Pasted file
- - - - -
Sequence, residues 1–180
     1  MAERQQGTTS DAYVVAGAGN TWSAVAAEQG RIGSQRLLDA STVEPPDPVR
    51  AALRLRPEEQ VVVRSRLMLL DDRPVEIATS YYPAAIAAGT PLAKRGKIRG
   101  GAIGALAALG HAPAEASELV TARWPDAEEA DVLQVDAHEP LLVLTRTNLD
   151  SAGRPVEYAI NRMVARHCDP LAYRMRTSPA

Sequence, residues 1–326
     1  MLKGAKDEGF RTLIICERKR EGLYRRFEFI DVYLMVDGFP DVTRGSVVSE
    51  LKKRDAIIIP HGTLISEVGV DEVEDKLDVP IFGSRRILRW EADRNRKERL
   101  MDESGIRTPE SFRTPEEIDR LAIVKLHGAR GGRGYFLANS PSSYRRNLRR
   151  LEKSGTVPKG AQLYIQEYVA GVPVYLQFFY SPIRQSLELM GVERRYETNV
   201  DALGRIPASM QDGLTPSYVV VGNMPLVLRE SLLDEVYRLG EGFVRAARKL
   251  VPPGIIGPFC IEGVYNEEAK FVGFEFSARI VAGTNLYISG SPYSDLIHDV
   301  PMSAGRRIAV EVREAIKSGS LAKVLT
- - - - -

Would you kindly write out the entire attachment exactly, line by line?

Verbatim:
Sequence, residues 1–180
     1  MAERQQGTTS DAYVVAGAGN TWSAVAAEQG RIGSQRLLDA STVEPPDPVR
    51  AALRLRPEEQ VVVRSRLMLL DDRPVEIATS YYPAAIAAGT PLAKRGKIRG
   101  GAIGALAALG HAPAEASELV TARWPDAEEA DVLQVDAHEP LLVLTRTNLD
   151  SAGRPVEYAI NRMVARHCDP LAYRMRTSPA

Sequence, residues 1–326
     1  MLKGAKDEGF RTLIICERKR EGLYRRFEFI DVYLMVDGFP DVTRGSVVSE
    51  LKKRDAIIIP HGTLISEVGV DEVEDKLDVP IFGSRRILRW EADRNRKERL
   101  MDESGIRTPE SFRTPEEIDR LAIVKLHGAR GGRGYFLANS PSSYRRNLRR
   151  LEKSGTVPKG AQLYIQEYVA GVPVYLQFFY SPIRQSLELM GVERRYETNV
   201  DALGRIPASM QDGLTPSYVV VGNMPLVLRE SLLDEVYRLG EGFVRAARKL
   251  VPPGIIGPFC IEGVYNEEAK FVGFEFSARI VAGTNLYISG SPYSDLIHDV
   301  PMSAGRRIAV EVREAIKSGS LAKVLT